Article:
Pluto is a dwarf planet that lies in the Kuiper Belt at the edge of our solar system.
In the cover image you can see Pluto taken by New Horizons on July 14, 2015, from a range of 22,025 miles (35,445) kilometers. Credit: NASA/Johns Hopkins University Applied Physics Laboratory.
The striking features on Pluto are clearly visible, including the bright expanse of Pluto’s icy, nitrogen-and-methane.
Pluto a dwarf planet
For a decade, Pluto was the subject of dispute, mostly because of its small size at 2,390 kilometers in diameter.
Finally, on August 24, 2006 Pluto lost its planet status, during the XXVI General Assembly of the International Astronomical Union, when most of the participants decided to declare it a “dwarf planet“.
Pluto is smaller even than the Moon, which has a diameter of 3,480 km.
In addition, Pluto describes an unorthodox orbit around the Sun, since its inclination is not parallel to that of the Earth and those of the other seven planets of the Solar System.
But the main drawback for Pluto not being considered a planet is that its gravity is insufficient to clear the environment of its orbit.
Discovery of Pluto
The discovery of Pluto was no accident.
From an early age, Clyde William Tombaugh (1906-1997), who lived in Streator, a small town in Illinois, USA, became interested in astronomy.
In 1928, young Tombaugh built his own nine-inch telescope, using scrap machinery. He sent a few of his meticulous observations of various planets to the Lowell Observatory.
Very soon, in 1929, he was hired at said Observatory, as a junior astronomer, with the mission of finding a planet that should be beyond Neptune, as calculated by none other than Percival Lowell himself.
Tombaugh took pictures of portions of the sky and began searching until, in January 1930, after a year of searching, he found a change in the position of a 17-magnitude object, whose behavior mirrored that predicted for a trans-Nepturian planet.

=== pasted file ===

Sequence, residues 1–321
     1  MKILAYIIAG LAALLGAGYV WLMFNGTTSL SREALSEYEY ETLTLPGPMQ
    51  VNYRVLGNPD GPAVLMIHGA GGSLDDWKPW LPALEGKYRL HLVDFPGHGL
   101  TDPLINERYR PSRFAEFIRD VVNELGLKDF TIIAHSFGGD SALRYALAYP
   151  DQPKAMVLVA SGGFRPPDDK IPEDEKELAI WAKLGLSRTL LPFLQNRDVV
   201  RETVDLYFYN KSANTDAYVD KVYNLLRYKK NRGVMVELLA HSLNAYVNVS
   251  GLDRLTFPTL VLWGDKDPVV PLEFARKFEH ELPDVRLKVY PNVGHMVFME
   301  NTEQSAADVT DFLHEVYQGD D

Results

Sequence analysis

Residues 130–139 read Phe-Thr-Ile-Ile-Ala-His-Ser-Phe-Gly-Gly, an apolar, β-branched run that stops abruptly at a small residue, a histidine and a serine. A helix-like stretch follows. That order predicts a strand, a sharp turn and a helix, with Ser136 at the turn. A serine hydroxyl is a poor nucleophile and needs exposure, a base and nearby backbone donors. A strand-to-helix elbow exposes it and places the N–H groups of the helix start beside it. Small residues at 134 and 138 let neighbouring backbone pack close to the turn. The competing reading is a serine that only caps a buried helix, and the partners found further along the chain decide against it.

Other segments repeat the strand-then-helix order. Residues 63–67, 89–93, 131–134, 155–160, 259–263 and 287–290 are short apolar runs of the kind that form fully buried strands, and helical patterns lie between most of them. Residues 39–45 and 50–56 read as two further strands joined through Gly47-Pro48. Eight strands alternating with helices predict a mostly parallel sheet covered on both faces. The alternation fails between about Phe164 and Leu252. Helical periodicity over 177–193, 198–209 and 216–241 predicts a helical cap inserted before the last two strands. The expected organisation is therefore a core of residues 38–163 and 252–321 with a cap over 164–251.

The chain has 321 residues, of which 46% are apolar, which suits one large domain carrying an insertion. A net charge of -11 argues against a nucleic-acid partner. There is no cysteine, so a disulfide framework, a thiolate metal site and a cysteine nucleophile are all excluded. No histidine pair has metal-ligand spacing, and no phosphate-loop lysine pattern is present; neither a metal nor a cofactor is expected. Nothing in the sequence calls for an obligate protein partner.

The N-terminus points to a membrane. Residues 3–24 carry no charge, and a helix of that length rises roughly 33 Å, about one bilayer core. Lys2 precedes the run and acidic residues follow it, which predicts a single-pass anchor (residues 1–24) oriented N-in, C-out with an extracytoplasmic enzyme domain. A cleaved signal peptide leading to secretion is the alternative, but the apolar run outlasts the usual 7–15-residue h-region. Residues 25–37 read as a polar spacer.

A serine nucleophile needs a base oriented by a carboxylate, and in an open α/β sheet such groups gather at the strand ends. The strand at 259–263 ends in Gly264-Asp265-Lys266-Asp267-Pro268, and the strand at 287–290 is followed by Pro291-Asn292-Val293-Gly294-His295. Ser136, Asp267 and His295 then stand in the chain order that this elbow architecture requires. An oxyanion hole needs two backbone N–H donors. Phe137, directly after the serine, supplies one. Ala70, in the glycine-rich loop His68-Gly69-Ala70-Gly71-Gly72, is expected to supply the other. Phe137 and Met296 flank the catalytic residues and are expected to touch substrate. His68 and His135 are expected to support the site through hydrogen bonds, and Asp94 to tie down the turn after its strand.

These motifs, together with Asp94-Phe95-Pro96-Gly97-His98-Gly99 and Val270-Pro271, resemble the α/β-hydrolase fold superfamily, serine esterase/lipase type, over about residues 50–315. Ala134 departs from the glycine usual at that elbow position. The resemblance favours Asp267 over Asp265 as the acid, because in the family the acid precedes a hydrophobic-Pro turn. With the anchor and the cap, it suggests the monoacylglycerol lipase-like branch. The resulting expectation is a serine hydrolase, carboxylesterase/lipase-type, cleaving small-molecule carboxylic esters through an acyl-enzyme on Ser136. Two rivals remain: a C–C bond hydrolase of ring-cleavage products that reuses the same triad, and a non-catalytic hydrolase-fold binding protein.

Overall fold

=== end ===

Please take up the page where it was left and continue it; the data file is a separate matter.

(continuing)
The discovery was confirmed by other observers and the new object became known to the world, as the ninth planet in the solar system.
This ninth planet was given the name Pluto, at the suggestion of Venetia Burney, an 11-year-old girl, a student at Oxford and fond of classical mythology and astronomy.
She thought that Pluto, the name of the god of darkness, was very appropriate for this world that was supposed to be cold and dark.
The name passed by word of mouth, until it reached the ears of astronomers in the United States.
Lowell Observatory had the right to name the new discovered object. For this they received more than 1,000 suggestions of names.
Finally, each member of the Lowell Observatory was able to choose their favorite name from a short list of three names: Minerva, Cronos, and Pluto. Venice Burney received £ 5 as a prize for the choice of her proposed name.
On May 1, 1930, the new planet was named Pluto.
Soon after, this name of the planet served to call Pluto to one of Walt Disney’s characters and plutonium to a new chemical element.
Since then Pluto has been very photographed
The new and detailed images captured by the ‘Hubble’ space telescope show the true color of Pluto.